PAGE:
bidder

We even have Sparkly Letters (completely lo-tech) that have connected our pupils to national and world leaders in the world of technology…… I could, and often do, go on but the point is that within school, this change has grown organically. Sometimes things take time. Our use of Google Apps for Education started five years ago but it only really took off maybe two years ago. Ask now (teachers or pupils) whether they teach or learn without these tools now……I know what they would say. Other tools happen to be in the right time at the right place for the right reason. Collecting evidence for Ofsted and a rather grumpy, have to do more work on top of all of the work we already do because we know Ofsted are calling in the next twelve months, was a perfect case of digital tools providing the solution to the problem. One of the Inspectors took this back to his own school.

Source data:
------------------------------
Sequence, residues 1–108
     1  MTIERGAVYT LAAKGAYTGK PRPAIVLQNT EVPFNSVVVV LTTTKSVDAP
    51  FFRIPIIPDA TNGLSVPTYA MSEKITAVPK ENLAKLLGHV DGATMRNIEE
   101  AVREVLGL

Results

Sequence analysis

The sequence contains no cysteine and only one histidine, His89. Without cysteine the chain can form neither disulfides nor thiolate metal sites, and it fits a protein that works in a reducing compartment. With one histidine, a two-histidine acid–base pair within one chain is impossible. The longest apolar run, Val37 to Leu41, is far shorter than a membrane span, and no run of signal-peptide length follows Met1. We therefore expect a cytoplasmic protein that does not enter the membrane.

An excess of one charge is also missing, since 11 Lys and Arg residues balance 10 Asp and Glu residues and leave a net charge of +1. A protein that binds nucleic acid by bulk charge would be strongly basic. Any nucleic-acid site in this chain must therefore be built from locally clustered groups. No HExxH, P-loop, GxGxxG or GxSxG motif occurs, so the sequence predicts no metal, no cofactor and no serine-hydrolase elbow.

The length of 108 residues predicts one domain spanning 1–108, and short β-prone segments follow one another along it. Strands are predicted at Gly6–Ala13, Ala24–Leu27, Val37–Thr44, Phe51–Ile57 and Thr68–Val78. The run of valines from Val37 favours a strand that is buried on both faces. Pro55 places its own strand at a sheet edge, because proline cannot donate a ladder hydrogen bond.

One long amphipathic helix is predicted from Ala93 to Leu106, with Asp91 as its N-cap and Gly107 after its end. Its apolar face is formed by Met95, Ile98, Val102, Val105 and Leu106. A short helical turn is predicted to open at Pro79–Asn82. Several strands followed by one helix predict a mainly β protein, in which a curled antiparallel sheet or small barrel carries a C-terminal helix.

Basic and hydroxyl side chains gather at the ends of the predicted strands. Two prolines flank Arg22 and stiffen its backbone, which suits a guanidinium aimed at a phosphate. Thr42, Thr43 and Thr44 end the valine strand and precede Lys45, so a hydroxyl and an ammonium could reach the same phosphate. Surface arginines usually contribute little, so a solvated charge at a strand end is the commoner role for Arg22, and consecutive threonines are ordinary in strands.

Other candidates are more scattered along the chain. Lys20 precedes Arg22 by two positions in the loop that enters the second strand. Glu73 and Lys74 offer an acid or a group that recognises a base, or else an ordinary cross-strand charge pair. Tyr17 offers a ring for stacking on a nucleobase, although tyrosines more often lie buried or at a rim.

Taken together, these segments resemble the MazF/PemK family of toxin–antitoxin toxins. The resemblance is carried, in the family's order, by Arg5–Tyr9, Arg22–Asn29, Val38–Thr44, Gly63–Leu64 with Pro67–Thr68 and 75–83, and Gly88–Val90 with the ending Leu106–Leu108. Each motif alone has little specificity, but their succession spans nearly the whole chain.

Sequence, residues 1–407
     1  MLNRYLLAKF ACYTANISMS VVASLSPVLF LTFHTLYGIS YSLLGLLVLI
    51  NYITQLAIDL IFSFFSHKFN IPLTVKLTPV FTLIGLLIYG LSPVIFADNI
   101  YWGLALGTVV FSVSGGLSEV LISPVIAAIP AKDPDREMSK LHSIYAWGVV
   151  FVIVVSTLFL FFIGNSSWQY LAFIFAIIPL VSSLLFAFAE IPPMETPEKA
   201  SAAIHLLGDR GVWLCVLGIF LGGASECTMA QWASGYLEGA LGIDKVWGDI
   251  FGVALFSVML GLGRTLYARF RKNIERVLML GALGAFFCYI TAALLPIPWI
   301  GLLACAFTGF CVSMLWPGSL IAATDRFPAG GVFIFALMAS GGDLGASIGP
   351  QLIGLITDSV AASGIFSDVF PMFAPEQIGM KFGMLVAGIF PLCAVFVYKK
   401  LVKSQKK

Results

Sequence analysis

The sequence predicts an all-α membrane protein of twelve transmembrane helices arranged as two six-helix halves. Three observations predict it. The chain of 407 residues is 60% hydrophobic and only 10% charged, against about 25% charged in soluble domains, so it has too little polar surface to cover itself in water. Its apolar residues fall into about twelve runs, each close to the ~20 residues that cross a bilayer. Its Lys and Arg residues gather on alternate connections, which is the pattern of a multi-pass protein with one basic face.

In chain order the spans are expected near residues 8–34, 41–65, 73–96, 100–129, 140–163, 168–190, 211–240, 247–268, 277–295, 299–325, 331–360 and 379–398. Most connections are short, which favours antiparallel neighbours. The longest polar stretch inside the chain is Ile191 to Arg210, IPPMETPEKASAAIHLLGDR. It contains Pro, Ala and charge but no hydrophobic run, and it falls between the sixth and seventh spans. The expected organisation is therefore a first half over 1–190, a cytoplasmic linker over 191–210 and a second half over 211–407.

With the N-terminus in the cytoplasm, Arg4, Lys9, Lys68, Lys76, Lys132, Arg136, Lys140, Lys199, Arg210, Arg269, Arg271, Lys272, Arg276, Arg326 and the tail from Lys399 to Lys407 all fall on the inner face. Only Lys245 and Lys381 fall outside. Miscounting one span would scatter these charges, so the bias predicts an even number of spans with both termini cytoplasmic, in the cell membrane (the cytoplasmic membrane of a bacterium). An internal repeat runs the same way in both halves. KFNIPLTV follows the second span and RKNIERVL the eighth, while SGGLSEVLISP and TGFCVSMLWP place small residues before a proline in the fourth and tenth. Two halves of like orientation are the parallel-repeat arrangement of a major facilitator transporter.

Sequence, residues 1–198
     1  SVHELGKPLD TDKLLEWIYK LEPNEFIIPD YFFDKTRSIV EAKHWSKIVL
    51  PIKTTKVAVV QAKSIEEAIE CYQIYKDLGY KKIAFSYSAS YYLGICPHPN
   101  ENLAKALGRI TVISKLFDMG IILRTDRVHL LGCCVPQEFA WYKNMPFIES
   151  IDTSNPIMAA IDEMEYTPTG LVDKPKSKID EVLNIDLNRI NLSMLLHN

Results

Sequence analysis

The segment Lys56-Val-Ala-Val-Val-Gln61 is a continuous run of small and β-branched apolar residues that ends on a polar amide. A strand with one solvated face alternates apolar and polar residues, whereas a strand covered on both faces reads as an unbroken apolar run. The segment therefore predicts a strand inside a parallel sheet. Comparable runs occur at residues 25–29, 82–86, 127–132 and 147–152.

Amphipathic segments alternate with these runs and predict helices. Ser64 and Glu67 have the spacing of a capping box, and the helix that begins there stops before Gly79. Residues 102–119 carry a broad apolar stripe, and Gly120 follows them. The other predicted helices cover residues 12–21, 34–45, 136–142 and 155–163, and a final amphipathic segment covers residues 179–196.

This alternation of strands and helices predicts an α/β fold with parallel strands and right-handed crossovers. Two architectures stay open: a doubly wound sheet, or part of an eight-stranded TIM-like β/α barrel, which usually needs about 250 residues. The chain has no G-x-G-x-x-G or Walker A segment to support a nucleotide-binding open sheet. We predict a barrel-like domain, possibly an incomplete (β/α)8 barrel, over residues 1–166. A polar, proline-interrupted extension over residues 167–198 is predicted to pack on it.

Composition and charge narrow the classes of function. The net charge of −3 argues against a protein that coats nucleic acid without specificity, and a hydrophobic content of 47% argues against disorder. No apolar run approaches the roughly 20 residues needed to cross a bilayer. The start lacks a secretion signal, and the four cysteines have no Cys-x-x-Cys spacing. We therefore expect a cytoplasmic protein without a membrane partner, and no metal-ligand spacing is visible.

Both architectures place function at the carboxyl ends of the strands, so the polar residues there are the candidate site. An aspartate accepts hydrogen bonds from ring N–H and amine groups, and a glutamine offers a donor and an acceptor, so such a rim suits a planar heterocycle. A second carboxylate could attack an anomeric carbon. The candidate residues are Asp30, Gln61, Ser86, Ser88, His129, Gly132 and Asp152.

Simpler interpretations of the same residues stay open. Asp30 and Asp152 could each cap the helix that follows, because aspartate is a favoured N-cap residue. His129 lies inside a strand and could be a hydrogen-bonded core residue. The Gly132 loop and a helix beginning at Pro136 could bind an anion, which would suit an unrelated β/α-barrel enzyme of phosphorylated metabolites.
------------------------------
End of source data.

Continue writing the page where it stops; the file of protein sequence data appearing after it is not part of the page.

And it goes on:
No, not everything is perfect, but Ofsted said lots of (not in the report of course) very nice things about our digital approach which was good but the real reason we use this stuff is because it makes a difference.

The thought of last year’s February does make me shiver and although it is (sunny) but cold today, it was Ben Hall’s (@hengehall) tweet last night that diverted me away from that day in London and pointed me in a completely different direction.

Green Park have a tree as their symbol.

tree1

 

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3D Projectors and a little bit of Bett 2016